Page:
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Horner reveals Red Bull had talks with Ferrari before deciding they had ‘no choice’ but to develop their own engines

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LE CASTELLET, FRANCE - JUNE 20: Sergio Perez of Mexico driving the (11) Red Bull Racing RB16B Honda

Ever imagined a Mercedes-powered Red Bull? How about a return to Ferrari? On the latest episode of the Beyond The Grid podcast, Red Bull Team Principal Christian Horner reveals the extent of discussions with other power unit suppliers – including the Silver Arrows and the Scuderia – once Honda announced they were pulling out of F1.

The Japanese manufacturer are currently powering Red Bull back to the top of the standings but they will soon leave F1 having announced last year that they would quit the sport at the end of 2021.

READ MORE: The ‘shark tooth’ diffuser helping Red Bull inch ahead – and why they’re finding more gains than Mercedes

On the podcast, team boss Horner explains how Red Bull's search for a new supplier began as he says: “The most natural thing was to have a discussion with the existing suppliers. Mercedes was a very short conversation and Toto [Wolff, Team Principal] obviously wasn’t particularly keen on that one.

“Renault – their aspirations as a team didn’t include supplying a team like Red Bull, and probably the most willing was Ferrari. And, you know, we had some exploratory discussions, but to be a customer, so to have to accept all the integration particularly with the new regulations coming would be a massively hard pill to swallow, so that’s when we started to explore the possibility: OK, how do we take on this challenge in a Red Bull manner and see if we can put a deal together with Honda in the foreseeable future?”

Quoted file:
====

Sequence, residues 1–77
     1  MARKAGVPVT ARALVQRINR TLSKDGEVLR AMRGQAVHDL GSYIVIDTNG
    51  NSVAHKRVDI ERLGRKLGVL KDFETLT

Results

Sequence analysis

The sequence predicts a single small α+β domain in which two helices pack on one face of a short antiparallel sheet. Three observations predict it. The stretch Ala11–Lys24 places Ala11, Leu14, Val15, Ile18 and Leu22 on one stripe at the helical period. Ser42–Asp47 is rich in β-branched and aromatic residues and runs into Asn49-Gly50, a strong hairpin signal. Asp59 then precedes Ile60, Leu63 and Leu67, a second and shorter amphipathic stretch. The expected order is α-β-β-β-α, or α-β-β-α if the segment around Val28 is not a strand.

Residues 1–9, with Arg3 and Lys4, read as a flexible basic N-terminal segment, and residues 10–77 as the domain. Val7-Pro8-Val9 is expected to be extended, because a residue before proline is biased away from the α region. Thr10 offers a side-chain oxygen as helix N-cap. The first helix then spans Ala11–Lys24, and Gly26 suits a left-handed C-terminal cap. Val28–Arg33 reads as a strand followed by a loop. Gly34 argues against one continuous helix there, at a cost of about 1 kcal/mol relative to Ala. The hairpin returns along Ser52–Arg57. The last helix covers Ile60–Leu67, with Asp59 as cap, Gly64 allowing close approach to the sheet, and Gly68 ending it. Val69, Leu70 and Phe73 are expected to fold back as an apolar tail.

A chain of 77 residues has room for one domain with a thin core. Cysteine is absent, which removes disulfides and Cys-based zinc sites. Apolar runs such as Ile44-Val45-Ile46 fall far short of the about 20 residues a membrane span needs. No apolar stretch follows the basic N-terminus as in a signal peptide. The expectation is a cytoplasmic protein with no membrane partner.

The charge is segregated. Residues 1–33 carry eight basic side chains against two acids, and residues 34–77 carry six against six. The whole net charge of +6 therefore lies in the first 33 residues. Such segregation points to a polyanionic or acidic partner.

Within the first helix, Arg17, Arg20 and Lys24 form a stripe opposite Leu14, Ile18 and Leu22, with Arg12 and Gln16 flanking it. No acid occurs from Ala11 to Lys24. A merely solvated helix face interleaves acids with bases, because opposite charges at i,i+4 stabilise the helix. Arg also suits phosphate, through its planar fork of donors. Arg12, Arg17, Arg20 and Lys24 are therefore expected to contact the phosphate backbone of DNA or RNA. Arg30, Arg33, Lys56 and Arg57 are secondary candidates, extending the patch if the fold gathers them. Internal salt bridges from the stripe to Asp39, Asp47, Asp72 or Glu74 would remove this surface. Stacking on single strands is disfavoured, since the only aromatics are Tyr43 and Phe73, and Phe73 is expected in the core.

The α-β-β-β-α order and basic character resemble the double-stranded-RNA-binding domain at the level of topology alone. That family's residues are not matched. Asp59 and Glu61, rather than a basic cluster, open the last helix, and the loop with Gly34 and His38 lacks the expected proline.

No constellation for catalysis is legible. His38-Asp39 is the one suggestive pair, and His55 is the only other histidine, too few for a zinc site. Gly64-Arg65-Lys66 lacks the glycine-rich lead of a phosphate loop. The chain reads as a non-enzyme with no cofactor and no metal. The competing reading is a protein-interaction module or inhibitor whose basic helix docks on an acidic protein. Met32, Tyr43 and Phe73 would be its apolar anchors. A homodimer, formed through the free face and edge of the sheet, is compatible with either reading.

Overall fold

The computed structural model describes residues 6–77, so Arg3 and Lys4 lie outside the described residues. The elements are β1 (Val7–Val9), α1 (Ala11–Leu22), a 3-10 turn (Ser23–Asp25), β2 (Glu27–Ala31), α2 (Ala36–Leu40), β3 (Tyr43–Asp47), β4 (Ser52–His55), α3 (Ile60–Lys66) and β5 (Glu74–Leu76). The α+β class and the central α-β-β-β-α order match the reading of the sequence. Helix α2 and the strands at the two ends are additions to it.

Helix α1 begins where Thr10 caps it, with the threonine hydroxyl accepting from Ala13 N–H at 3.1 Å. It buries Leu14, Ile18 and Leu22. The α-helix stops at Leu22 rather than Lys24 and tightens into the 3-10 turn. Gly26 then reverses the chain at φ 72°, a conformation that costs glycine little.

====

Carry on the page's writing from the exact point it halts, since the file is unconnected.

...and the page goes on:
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From 2022, Red Bull will produce their own power units with Honda’s existing IP (intellectual property) under the new Red Bull Powertrains setup – in a facility based on their existing UK campus in Milton Keynes.

“It’s a big step, it’s a bold step, to take control of our own destiny as an engine supplier and bring the whole lot under one roof in Milton Keynes. It would make us the only team other than Ferrari to have the whole lot within one facility,” continues Horner.

READ MORE: Red Bull recruit more staff from Mercedes for new in-house engine project

But how did Red Bull owner Dietrich Mateschitz receive that plan?

“In terms of a sell, I think he reached that conclusion himself – that we had no choice – and Helmut [Marko] was obviously very supportive and pushing hard for it. It was absolutely the right call…"

Horner reveals much more on the latest episode, including his three most significant Red Bull drivers, Red Bull’s plans with their own engines – and how Adrian Newey almost jumped ship to Ferrari in 2014. Listen to Beyond The Grid in the player above, on Spotify, or Apple Podcasts.

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